While Turkish President Recep Tayyip Erdogan is supposed to be trying to mend ties with the United States, his Interior Minister Suleyman Soylu last week told Hurriyet newspaper that "it is blatantly clear that the US is behind the (failed coup of) July 15. It was the Fetullah Terrorist Orgsation (FETO) which carried it out upon their orders. Europe was enthusiastic about it."
The US State Department flatly denied the accusation, saying it was "wholly false" and promptly condemned it, adding, "These remarks and other unfounded and irresponsible claims of US responsibility for events in Turkey are inconsistent with Turkey's status as a NATO Ally and strategic partner of the United States."
The question that needs to be asked is whether Erdogan, who is increasingly moving toward the orbit of US adversaries like Russia and China, really wants to restore ties with the US?
During the presidency of Donald Trump, many of potential conflict points between the US and Turkey were swept under the carpet by Trump who was Erdogan's friend, but things will not be the same with Joe Biden. The new US President is expected to clash with Erdogan on several issues, but will not push Turkey too far, as he wants to keep it on the side of the West and in the bosom of the NATO Alliance.
One of the biggest issues about which the US and Turkey are at loggerheads is the purchase by Ankara of the Russian S-400 missile system. Ignoring concerns that the missiles undermined the operation security of NATO and repeated calls by the US Administration (to) not buy the system, Ankara took delivery of S-400 in July 2019 and later tested it. In December 2020 US sanctions were imposed on Turkey, banning all US export licenses and loan credits for Turkey's military procurement agency, and the Presidency of the Defense Industries.
Last Friday, Pentagon Spokesman John Kirby said that the new US President Joe Biden wants Ankara to renounce the Russian S-400 defence system and added, "Turkey is a longstanding and valued NATO ally, but their decision to purchase the S-400 is inconsistent with Turkey's commitments as a US and NATO ally. We urge Turkey not to retain the S-400 system."
Turkey threatened to retaliate against sanctions by severely limiting the use by US troops of the strategic Incirlik base, where a large number of US troops and aircraft are stationed and where about 40 nuclear warheads are stored.
Another big thorn between the two countries is the court case against the Turkish state-owned Turkiye Halk Bankasi. The bank was indicted last year for alleged fraud and money laundering in the course of helping Iran evade US sanctions to the tune of USD 20 billion. In June, Trump forced the resignation of the lead prosecutor in the case. Halkbank denies the charges about helping Iran skirt US sanctions. The case goes to trial next March.
There are also serious disagreements between the US and Turkey, due to the aggressively expansionist policies of Erdogan, mainly his intervention in Syria, Iraq, Libya and Azerbaijan, the occupation of northern Cyprus as well as about the establishment of Turkish military bases in Qatar and Somalia. Furthermore, Ankara has raised tensions in the Aegean Sea with fellow-NATO member state Greece and in the Eastern Mediterranean with Cyprus, Greece and France.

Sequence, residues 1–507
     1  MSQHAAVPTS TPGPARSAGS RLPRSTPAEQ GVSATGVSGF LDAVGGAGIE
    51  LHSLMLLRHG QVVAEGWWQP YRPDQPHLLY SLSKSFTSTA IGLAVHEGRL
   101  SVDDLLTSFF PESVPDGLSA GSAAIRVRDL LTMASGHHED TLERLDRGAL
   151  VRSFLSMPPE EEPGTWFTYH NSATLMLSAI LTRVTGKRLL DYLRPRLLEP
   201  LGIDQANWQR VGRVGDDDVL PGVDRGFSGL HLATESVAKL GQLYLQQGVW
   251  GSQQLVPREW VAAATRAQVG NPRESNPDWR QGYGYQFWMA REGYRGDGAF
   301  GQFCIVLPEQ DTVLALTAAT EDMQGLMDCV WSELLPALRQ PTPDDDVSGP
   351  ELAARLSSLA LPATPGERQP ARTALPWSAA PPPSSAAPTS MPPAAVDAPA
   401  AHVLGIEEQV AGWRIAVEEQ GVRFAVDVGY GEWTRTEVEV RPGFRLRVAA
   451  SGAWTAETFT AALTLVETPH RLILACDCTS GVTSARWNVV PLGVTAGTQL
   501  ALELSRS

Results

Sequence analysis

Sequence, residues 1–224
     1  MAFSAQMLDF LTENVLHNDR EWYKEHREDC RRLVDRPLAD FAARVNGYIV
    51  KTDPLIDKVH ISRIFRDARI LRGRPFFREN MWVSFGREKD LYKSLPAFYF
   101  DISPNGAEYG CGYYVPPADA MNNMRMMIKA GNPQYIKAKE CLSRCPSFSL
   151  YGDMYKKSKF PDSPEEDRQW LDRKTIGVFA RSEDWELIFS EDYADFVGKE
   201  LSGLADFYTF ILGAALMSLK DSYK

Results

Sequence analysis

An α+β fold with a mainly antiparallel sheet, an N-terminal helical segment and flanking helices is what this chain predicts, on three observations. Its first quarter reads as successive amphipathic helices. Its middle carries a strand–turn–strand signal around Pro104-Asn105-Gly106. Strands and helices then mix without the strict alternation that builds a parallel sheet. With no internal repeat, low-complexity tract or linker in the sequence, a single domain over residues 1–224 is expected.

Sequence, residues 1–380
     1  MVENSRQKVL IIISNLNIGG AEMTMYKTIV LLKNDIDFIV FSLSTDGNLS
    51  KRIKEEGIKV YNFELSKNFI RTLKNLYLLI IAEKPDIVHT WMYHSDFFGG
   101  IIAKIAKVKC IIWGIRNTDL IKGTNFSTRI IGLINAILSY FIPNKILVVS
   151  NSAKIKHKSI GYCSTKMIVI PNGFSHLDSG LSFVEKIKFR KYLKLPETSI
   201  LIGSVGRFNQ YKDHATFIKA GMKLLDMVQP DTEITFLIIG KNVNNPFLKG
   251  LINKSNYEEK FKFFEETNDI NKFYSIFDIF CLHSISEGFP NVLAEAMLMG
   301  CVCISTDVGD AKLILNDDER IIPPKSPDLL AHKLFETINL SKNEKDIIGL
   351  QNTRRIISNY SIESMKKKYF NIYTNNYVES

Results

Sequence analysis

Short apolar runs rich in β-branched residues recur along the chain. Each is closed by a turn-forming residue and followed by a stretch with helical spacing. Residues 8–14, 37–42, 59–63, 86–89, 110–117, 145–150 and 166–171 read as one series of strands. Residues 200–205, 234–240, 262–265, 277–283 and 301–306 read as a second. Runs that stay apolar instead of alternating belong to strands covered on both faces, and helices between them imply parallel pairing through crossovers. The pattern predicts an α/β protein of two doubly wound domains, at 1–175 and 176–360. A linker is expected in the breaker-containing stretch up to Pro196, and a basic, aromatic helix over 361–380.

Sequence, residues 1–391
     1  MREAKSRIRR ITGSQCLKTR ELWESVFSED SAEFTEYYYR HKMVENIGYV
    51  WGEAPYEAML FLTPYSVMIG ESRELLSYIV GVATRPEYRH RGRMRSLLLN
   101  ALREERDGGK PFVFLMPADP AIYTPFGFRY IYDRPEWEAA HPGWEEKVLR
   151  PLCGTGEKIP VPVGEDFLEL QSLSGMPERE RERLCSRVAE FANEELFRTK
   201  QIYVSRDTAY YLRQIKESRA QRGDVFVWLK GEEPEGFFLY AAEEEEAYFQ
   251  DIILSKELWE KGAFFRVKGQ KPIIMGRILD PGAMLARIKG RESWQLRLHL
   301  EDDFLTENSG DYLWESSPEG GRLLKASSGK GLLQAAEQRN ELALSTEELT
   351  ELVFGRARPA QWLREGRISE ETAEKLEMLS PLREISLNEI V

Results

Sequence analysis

During the election campaign, Biden called Erdogan an "autocrat, who should pay a price" for his repression, clearly indicating that he will take a much harder line when he is elected.
Biden is a person who attaches great importance to human rights and will not turn a blind eye to Erdogan's numerous human rights violations like Trump did in the past. Furthermore, he will not keep silent when Turkish politicians blame the US for Turkey's economic woes. However, observers believe that he will be careful not to alienate Turkey from the West and, despite Turkey's moves towards Russia and China, will not push it away from the West.
For his part, Erdogan appears to be paying lip service to the restoration of good relations with Washington, but so far has not made any credible gesture to improve ties with the US. Apparently, he wants to improve US-Turkey ties on his terms and contacts between the two sides seem to be a dialogue of the deaf.
Merve Tahiroglu, Turkey program coordinator for the Project on Middle East Democracy says that Washington has too often looked away when Erdogan has scapegoated the United States to deflect blame for Turkey's political, economic and diplomatic crises.
Max Hoffman, Director for National Security and International Policy at the Center for American Progress says that that "overly punitive steps could cripple Turkey's economy while doing little to strengthen its democracy and pushing Ankara toward Moscow.
The United States cannot, therefore, be hard-line on every front with Turkey. Nor can the US or European pressure save Turkey from Erdogan; the Turkish president is not going to change his stripes or significantly moderate his domestic repression under duress.
But Turkey will hold an election in 2023 or before and there is a real chance that Erdogan will lose. The United States and Europe can therefore seek to coordinate to signal clear red lines and credible responses to deter further Turkish escalation."
( With inputs from ANI )
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